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From aaron morton <aa...@thelastpickle.com>
Subject Re: performance degradation in cluster
Date Thu, 03 Feb 2011 10:17:24 GMT
This page has a guide to setting the initial tokens for the nodes 
http://wiki.apache.org/cassandra/Operations#Ring_management

You can also use the bin/nodetool cfstats command or JConsole to check the maximum row size
in each node, to see if you have a monster row.

Aaron

On 3/02/2011, at 10:22 PM, abhinav prakash rai wrote:

> Hi Peter,
> 
> Thanks for your reply.
> 
> Our application is multi-threaded. we are using 8 core machine. In our application we
are using 4 column families out of which one column family is containing rows whose size is
huge relative to size of the rows in other column families.
> 
> In the ring the balance is highly skewed.Can you suggest we can insure even balancing
of the load across the cluster?
> 
> The rows id in one column family is combination of cell numbers ( ie 9883240354_9885430354
) and other row id's are like thread_name_12234 etc.
> 
> How to insure spreading the data across rows?
> 
> Thanks & Regards,
> abhinav
> 
> 
> 
>  
> 
> On Thu, Feb 3, 2011 at 1:46 PM, Peter Schuller <peter.schuller@infidyne.com> wrote:
> > First time I tun single instance of Cassandra and my application on a system
> > (16GB ram and 8 core), the time taken was 480sec.
> > When I added one more system ,(means this time I was running 2 instance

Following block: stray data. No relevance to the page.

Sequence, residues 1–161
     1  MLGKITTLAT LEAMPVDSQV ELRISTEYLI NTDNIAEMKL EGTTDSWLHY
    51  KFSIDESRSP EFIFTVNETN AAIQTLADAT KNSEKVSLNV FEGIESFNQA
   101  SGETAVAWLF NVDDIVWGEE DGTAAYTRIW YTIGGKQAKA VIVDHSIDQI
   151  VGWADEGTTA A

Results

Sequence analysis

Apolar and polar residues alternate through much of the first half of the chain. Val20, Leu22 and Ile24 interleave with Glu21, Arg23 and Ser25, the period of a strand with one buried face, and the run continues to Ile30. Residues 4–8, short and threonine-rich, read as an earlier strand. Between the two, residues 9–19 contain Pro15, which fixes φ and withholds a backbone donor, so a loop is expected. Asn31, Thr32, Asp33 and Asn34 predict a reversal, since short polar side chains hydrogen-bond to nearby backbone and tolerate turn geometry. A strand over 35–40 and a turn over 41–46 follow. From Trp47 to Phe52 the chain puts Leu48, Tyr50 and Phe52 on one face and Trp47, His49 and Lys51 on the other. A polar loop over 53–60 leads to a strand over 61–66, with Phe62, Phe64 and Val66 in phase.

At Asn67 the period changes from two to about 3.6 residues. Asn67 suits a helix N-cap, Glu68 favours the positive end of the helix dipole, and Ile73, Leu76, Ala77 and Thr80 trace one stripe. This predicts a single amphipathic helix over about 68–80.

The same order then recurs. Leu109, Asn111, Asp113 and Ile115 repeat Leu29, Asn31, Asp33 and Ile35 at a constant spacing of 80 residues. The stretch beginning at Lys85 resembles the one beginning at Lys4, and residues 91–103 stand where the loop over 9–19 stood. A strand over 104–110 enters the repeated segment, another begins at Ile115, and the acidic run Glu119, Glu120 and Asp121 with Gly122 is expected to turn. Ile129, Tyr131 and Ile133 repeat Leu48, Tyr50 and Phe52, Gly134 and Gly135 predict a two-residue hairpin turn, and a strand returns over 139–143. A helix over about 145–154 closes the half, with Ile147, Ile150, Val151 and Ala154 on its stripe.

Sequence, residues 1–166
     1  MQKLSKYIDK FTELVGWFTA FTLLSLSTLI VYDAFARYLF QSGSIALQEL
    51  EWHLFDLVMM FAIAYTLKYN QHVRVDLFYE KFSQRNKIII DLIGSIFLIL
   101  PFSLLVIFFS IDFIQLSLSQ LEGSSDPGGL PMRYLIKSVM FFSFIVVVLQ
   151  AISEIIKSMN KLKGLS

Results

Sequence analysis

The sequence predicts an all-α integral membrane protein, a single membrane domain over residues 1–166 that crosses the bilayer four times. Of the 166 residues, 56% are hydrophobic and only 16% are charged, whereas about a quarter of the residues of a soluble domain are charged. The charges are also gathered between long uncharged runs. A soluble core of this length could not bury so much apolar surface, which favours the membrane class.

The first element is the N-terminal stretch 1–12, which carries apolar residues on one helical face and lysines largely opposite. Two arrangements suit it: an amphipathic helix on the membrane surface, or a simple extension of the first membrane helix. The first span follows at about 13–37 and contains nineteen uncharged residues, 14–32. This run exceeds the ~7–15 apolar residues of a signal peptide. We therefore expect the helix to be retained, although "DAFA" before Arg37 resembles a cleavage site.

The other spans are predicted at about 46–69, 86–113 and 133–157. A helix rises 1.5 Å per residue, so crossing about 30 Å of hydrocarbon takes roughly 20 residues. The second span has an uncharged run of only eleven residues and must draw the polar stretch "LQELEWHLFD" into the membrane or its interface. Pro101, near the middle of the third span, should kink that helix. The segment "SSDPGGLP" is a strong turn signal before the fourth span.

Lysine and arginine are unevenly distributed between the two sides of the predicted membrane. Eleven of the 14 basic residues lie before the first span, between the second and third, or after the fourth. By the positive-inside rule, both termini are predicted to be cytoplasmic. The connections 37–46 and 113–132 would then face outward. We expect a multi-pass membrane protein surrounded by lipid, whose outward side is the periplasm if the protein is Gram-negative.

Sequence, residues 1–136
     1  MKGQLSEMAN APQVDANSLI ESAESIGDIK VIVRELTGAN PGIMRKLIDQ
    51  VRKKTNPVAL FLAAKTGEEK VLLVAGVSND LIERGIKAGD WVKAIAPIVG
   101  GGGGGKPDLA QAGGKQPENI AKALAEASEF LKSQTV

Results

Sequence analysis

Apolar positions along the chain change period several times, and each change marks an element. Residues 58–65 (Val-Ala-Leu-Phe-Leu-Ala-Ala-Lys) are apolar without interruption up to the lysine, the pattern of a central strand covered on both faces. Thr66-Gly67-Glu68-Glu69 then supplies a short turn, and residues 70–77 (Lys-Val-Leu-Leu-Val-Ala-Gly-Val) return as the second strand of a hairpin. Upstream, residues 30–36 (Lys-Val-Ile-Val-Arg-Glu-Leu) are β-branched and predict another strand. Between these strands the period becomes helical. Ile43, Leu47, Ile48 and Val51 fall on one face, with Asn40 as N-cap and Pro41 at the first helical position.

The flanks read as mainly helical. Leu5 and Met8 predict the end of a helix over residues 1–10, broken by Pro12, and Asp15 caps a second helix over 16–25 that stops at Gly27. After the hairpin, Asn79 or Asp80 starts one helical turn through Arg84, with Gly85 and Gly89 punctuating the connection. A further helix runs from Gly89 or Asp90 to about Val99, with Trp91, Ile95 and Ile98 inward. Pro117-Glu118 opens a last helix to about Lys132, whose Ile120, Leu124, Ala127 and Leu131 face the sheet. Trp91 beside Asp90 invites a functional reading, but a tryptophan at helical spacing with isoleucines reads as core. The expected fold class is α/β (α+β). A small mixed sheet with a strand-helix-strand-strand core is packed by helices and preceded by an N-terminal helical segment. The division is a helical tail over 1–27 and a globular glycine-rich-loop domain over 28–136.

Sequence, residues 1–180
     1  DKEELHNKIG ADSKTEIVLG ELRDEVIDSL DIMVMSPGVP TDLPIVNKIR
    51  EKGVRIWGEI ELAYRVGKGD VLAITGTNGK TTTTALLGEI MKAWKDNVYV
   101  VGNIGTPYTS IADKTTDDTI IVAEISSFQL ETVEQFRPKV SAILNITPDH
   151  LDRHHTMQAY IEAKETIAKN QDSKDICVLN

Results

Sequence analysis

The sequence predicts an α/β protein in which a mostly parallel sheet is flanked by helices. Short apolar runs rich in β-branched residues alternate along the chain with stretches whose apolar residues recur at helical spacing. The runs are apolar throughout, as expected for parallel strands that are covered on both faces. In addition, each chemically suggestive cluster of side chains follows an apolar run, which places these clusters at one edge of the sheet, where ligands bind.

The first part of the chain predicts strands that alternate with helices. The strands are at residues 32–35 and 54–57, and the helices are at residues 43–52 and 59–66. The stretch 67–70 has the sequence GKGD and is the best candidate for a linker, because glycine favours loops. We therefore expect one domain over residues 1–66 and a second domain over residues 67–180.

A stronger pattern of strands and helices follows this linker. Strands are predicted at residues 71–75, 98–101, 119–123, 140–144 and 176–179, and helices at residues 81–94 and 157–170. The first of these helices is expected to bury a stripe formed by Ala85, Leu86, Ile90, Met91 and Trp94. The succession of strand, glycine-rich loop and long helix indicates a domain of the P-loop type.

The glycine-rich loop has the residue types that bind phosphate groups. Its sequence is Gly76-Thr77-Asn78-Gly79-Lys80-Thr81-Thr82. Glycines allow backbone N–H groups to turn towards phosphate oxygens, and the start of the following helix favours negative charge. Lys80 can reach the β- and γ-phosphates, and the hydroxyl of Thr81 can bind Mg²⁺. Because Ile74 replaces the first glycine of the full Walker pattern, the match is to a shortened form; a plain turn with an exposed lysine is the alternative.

> > of Cassandra in cluster) and running application from single client , I
> > found time taken in increased to 1000sec.   And I also found that that data
> > distribution was also very odd on both system (in one system data were about
> > 2.5GB and another were 140MB).
> > Is any configuration require while running Cassandra in a cluster other than
> > adding seeds ?
> 
> For starters:
> 
> (1) Are you spreading your data around evenly across row? Rows
> determine where data is placed in the cluster.
> (2) Is your ring actually balanced? (nodetool ring, they should have 50/50)
> (3) Is your test concurrent/multi-threaded? Increasing total time
> would be expected if you're moving from local traffic only to running
> against remote machines,  if your test is a sequential workload.
> Adding machines increases aggregate throughput across multiple
> clients; it won't make individual requests faster (except indirectly
> of course by avoiding overloaded conditions).
> 
> 
> --
> / Peter Schuller
> 
> 
> 
> -- 
> Regards,
> Abhinav P. Rai


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